Globally enterprises use private servers for their IT purposes for enabling better web protection and security, LambdaTest would seamlessly integrate with such platforms with the help of a secure shell tunneling feature called LambdaTest Tunnel, this would also enable you to test locally hosted web pages. Let’s discuss how to configure LambdaTest Tunnel.

Step 1: Navigate to Automation Dashboard as shown in below image after logging in to your LambdaTest platform. 

Step 2: Once you make a click on configure tunnel feature you would be prompted with an overlay with two sections being internal server configurations and also locally hosted web page testing features. 

Step 3: Copy the access token related to the desired feature of an application under test. Please refer to below token for reference.

LT -user [email protected] -key qYlLn1IzVrC2U41zM4kyjv35EvpHxR2tyMB4aEBlkNMmvpnQ5A

We would be making use of this token while configuring our desired capabilities in our next section of the article below to demonstrate Parallel Testing with LambdaTest.

Parallel Testing With LambdaTest Selenium Grid

We would be making use of our Cucumber TestNG code repository present at https://github.com/bharadwaj-pendyala/Cucumber-and-TestNG-Template for reference. Clone the code and then import the code into the desired IDE. 

We would be declaring our LambdaTest user name and password as global environment variables in the yml file in below format to be considered for execution. 

env:

global:

    – LT_USERNAME=${LAMBDATEST_USERNAME}
    – LT_ACCESS_KEY=${LAMBDATEST_KEY}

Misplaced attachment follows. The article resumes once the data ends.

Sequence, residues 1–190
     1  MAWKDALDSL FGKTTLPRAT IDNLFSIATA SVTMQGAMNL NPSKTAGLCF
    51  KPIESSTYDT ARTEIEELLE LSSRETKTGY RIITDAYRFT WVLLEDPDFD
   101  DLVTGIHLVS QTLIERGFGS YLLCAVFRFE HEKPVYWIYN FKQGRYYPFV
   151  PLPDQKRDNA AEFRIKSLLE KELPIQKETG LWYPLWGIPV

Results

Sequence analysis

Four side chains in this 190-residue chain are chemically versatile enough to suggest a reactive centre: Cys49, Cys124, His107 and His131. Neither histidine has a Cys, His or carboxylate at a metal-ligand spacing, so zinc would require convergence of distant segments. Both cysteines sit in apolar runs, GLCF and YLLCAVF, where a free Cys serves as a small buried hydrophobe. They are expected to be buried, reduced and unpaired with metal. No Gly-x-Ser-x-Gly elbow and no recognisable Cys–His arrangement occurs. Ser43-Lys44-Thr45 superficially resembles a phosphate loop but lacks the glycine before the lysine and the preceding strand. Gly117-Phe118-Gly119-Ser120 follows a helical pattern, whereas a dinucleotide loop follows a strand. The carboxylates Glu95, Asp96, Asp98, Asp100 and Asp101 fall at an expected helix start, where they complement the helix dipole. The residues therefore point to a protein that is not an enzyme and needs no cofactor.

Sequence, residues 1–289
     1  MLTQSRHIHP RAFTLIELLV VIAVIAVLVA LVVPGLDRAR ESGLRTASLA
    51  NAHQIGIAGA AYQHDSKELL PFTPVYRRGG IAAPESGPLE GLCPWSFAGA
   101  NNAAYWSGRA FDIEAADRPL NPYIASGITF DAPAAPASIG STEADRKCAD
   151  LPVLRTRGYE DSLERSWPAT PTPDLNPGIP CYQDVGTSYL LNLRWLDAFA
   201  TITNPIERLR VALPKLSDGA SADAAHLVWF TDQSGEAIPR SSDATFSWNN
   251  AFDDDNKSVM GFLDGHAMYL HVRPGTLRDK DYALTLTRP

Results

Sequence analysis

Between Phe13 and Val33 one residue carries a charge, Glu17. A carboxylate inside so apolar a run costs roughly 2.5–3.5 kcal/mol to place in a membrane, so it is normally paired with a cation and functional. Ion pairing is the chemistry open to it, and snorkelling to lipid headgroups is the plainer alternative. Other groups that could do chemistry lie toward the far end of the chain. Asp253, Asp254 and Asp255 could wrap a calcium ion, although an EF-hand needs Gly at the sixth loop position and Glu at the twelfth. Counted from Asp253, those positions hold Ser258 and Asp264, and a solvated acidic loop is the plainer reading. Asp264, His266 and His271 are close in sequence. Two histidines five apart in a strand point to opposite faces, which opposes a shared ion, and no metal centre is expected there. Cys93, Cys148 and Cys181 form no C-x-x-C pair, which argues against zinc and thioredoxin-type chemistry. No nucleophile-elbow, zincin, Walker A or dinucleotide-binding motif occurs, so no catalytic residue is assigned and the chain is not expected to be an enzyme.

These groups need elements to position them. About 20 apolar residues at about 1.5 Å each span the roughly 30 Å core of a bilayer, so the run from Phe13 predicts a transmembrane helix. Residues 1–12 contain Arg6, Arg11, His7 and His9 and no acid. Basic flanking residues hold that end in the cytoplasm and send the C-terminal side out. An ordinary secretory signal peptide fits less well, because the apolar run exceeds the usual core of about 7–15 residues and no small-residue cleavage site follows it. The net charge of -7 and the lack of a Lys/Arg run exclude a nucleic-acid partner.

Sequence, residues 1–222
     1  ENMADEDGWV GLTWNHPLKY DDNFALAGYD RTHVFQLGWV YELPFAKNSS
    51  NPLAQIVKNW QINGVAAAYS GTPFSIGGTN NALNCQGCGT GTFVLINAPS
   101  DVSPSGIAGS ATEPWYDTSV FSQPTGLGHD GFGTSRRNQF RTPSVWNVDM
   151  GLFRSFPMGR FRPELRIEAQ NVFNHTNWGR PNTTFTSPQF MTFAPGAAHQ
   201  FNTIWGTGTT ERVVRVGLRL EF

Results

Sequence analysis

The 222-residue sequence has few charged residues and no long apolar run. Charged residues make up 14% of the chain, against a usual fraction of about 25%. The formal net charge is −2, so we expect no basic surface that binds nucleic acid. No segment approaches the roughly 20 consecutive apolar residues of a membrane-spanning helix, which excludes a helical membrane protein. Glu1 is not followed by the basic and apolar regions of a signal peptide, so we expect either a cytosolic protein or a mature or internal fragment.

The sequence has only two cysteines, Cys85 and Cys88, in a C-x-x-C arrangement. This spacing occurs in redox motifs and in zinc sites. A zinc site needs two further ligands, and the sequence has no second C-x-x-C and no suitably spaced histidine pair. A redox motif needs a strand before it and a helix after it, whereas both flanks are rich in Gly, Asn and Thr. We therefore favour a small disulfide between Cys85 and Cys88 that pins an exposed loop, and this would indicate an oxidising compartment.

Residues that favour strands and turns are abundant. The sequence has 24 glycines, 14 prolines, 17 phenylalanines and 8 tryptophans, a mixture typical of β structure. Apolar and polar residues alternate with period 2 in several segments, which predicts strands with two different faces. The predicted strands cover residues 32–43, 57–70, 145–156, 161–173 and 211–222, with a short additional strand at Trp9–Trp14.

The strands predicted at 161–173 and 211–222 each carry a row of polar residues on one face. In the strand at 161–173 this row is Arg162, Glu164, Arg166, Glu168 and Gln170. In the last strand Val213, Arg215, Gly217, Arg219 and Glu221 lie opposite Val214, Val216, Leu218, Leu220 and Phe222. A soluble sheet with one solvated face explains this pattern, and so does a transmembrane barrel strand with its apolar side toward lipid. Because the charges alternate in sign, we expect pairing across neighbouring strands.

Where the global variable for lambda test user name would be LT_USERNAME and lambda test password would be LT_ACCESS_KEY.

Your .travis.yml code would something similar to as below.

language: java

sudo: false

script: “mvn test”

env:

global:

    – LT_USERNAME=${LAMBDATEST_USERNAME}

    – LT_ACCESS_KEY=${LAMBDATEST_KEY}

You can make use of this variable in while trying to trigger a remote web driver execution as shown in below code in case of our Cucumber+TestNG code.

package com.cucumber.tests;

import java.net.MalformedURLException;

import java.net.URL;

import org.openqa.selenium.remote.DesiredCapabilities;

import org.openqa.selenium.remote.RemoteWebDriver;

import org.testng.annotations.AfterClass;

import org.testng.annotations.BeforeClass;

import org.testng.annotations.DataProvider;

import org.testng.annotations.Parameters;

import org.testng.annotations.Test;

import cucumber.api.CucumberOptions;

import cucumber.api.testng.CucumberFeatureWrapper;

import cucumber.api.testng.PickleEventWrapper;

import cucumber.api.testng.TestNGCucumberRunner;

@CucumberOptions(features = { “src/test/java/features” }, glue = { “com.cucumber.stepdefs” }, plugin = { “pretty”,

“json:target/cucumber/cucumber.json” })

public class TestNGRunCucumberTest {

DesiredCapabilities capabilities = new DesiredCapabilities();

/*

* Previous declarations for LambdaTest Connect